LaChance says she and her colleagues “were happy to see” the uptake of telehealth by Medicaid patients. The investigators credit the broad insurance coverage of telehealth during the pandemic across multiple modalities and different types of technologies in facilitating telehealth access for patients across all backgrounds. Additionally, she notes that patients with Medicaid or in a low income bracket often face social pressures that may limit their access to in-person visits.

“The flexibility and convenience afforded by telehealth may offset the influence of a potential ‘digital divide’ and help explain the increased percentage of Medicaid patients seen by telehealth,” she says. “This is echoed by our findings in another study showing decreased no-show rates for teledermatology versus in-person visits with the most dramatic difference seen among minority patients.”2

“We need to do the heavy lifting and conduct more research to understand how patients in all demographic and socioeconomic groups interface with technology and what can be done to ensure equitable access to telehealth now and moving forward,” says LaChance.


As in-person care has opened up, LaChance says that the characteristics of the patient she is seeing virtually match those of the study’s teledermatology cohort. The telehealth clinic patients are generally younger, face numerous social stressors, and have inflammatory diseases (versus concerning lesions).

“Patients and doctors together are considering multiple factors to select the mode of care that is best for each patient individually. We are improving access to care and the patient experience,” she says.

Ongoing research is focusing on defining the current digital divide in the dermatology patient population, evaluating patient satisfaction between telehealth and in-person visits for different conditions, and understanding how telehealth has improved access to care for different patient populations. Recognizing that patient populations differ depending on practice characteristics, LaChance is hopeful that others practicing in different settings and geographic locations will conduct similar research to gain a more comprehensive picture of which patient populations and disease states would benefit from continued access to teledermatology.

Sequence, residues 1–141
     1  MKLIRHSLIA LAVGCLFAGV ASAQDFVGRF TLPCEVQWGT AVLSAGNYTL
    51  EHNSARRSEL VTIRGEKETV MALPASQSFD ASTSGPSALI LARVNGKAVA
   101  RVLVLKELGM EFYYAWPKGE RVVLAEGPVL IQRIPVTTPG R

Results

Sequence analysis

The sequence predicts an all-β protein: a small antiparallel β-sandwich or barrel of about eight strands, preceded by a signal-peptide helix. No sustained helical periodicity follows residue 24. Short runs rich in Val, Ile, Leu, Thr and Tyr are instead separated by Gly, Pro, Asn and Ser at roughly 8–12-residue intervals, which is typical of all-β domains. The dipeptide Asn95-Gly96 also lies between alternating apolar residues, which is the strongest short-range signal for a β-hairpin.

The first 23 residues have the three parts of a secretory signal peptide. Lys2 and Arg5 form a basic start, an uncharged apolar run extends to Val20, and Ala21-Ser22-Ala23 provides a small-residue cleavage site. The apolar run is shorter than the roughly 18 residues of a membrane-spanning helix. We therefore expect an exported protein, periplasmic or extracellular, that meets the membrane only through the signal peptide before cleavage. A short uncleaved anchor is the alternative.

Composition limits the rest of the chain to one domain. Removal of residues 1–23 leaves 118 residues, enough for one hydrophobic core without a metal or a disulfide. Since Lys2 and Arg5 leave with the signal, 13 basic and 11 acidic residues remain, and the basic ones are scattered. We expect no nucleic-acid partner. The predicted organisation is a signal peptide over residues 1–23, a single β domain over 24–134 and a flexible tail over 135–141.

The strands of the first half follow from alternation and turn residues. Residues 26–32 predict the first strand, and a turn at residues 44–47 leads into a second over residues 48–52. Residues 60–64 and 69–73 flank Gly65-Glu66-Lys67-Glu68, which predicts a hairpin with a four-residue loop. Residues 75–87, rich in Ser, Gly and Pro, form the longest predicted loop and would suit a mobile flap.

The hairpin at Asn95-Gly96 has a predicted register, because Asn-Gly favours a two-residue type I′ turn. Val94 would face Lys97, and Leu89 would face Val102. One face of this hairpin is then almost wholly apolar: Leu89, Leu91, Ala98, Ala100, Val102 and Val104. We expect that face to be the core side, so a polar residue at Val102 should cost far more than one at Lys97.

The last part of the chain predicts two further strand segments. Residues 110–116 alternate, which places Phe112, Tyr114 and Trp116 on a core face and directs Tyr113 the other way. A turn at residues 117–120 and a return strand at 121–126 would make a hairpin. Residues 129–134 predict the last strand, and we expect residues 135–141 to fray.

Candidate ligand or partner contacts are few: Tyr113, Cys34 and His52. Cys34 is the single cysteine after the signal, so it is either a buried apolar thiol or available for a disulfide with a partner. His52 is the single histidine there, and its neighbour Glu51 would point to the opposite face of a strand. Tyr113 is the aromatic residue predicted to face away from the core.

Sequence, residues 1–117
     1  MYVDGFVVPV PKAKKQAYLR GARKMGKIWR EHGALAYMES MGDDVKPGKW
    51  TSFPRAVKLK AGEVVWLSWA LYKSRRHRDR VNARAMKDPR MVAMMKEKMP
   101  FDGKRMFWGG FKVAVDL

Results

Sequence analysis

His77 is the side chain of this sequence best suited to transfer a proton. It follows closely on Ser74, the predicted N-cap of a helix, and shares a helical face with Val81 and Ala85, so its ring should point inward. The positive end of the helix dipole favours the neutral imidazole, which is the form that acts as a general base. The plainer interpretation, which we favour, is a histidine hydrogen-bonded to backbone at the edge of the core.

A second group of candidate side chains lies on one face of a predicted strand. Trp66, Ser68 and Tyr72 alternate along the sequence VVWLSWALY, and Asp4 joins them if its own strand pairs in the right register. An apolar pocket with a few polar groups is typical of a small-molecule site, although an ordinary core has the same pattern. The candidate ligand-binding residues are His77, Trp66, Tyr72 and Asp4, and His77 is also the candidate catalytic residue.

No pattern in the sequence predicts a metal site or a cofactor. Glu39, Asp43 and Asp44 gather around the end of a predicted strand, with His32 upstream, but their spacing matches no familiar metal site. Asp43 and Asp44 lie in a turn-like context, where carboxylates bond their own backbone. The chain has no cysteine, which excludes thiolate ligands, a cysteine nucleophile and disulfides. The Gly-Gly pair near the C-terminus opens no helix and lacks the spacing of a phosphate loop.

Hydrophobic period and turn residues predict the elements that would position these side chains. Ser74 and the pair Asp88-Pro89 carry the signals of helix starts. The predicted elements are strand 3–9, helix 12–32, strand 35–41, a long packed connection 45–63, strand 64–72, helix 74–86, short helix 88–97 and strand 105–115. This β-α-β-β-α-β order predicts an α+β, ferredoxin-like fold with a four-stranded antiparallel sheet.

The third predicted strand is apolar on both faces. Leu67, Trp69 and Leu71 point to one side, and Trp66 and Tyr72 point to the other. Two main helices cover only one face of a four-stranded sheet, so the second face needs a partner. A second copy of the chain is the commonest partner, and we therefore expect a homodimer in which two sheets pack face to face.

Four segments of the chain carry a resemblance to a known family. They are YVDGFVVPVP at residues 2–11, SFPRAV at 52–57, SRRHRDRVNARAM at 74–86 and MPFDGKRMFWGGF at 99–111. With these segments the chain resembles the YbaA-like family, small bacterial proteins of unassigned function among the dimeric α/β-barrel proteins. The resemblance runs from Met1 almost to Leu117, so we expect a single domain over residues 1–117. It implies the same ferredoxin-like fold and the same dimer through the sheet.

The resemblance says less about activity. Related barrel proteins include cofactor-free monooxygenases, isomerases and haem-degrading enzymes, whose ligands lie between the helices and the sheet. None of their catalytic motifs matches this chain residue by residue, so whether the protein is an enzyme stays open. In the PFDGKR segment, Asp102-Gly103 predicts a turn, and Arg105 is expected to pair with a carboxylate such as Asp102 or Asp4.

She and her colleagues are using their findings to advocate for legislation to ensure broad telehealth coverage in Massachusetts.

“To date, a lot of expanded coverage for telehealth is afforded by emergency legislation and executive orders at the state and federal levels,” she adds. “Legislation is needed to ensure patients continue to have broad access to telehealth coverage now and in the future.

Physicians must advocate for our patients to influence the next wave of telehealth legislation so we can maintain equitable access to this mode of care for all patients.”


There are no relevant disclosures.


1. Krueger S, Leonard N, Modest N, et al. Identifying Trends in Patient Characteristics and Visit Details During the Transition to Teledermatology: Experience at a Single Tertiary Referral Center. J Am Acad Dermatol. 2020 Nov 27:S0190- 9622(20)33084-X. Epub ahead of print.

2. Franciosi EB, Tan AJ, Kassamali B, et al. Understanding the Impact of Teledermatology on No-Show Rates and Healthcare Accessibility: A Retrospective Chart Review. J Am Acad Dermatol. 2020 Sep 11:S0190-9622(20)32604-9. Epub ahead of print